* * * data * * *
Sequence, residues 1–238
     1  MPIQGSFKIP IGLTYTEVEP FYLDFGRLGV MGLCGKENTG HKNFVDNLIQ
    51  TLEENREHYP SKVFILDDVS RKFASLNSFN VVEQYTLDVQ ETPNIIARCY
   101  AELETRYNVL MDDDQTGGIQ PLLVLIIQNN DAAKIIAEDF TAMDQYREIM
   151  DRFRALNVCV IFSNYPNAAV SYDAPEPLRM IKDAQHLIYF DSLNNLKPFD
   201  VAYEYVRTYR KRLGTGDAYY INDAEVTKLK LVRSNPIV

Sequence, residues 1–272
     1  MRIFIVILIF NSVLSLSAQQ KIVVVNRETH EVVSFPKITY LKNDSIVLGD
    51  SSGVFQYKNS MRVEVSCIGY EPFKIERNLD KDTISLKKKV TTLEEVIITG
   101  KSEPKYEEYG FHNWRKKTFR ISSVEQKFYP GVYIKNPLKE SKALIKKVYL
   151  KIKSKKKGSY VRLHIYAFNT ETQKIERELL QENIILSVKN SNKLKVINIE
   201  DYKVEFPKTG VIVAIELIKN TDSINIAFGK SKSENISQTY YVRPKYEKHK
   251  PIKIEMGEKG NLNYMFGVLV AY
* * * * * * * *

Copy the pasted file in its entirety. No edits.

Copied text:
Sequence, residues 1–238
     1  MPIQGSFKIP IGLTYTEVEP FYLDFGRLGV MGLCGKENTG HKNFVDNLIQ
    51  TLEENREHYP SKVFILDDVS RKFASLNSFN VVEQYTLDVQ ETPNIIARCY
   101  AELETRYNVL MDDDQTGGIQ PLLVLIIQNN DAAKIIAEDF TAMDQYREIM
   151  DRFRALNVCV IFSNYPNAAV SYDAPEPLRM IKDAQHLIYF DSLNNLKPFD
   201  VAYEYVRTYR KRLGTGDAYY INDAEVTKLK LVRSNPIV

Sequence, residues 1–272
     1  MRIFIVILIF NSVLSLSAQQ KIVVVNRETH EVVSFPKITY LKNDSIVLGD
    51  SSGVFQYKNS MRVEVSCIGY EPFKIERNLD KDTISLKKKV TTLEEVIITG
   101  KSEPKYEEYG FHNWRKKTFR ISSVEQKFYP GVYIKNPLKE SKALIKKVYL
   151  KIKSKKKGSY VRLHIYAFNT ETQKIERELL QENIILSVKN SNKLKVINIE
   201  DYKVEFPKTG VIVAIELIKN TDSINIAFGK SKSENISQTY YVRPKYEKHK
   251  PIKIEMGEKG NLNYMFGVLV AY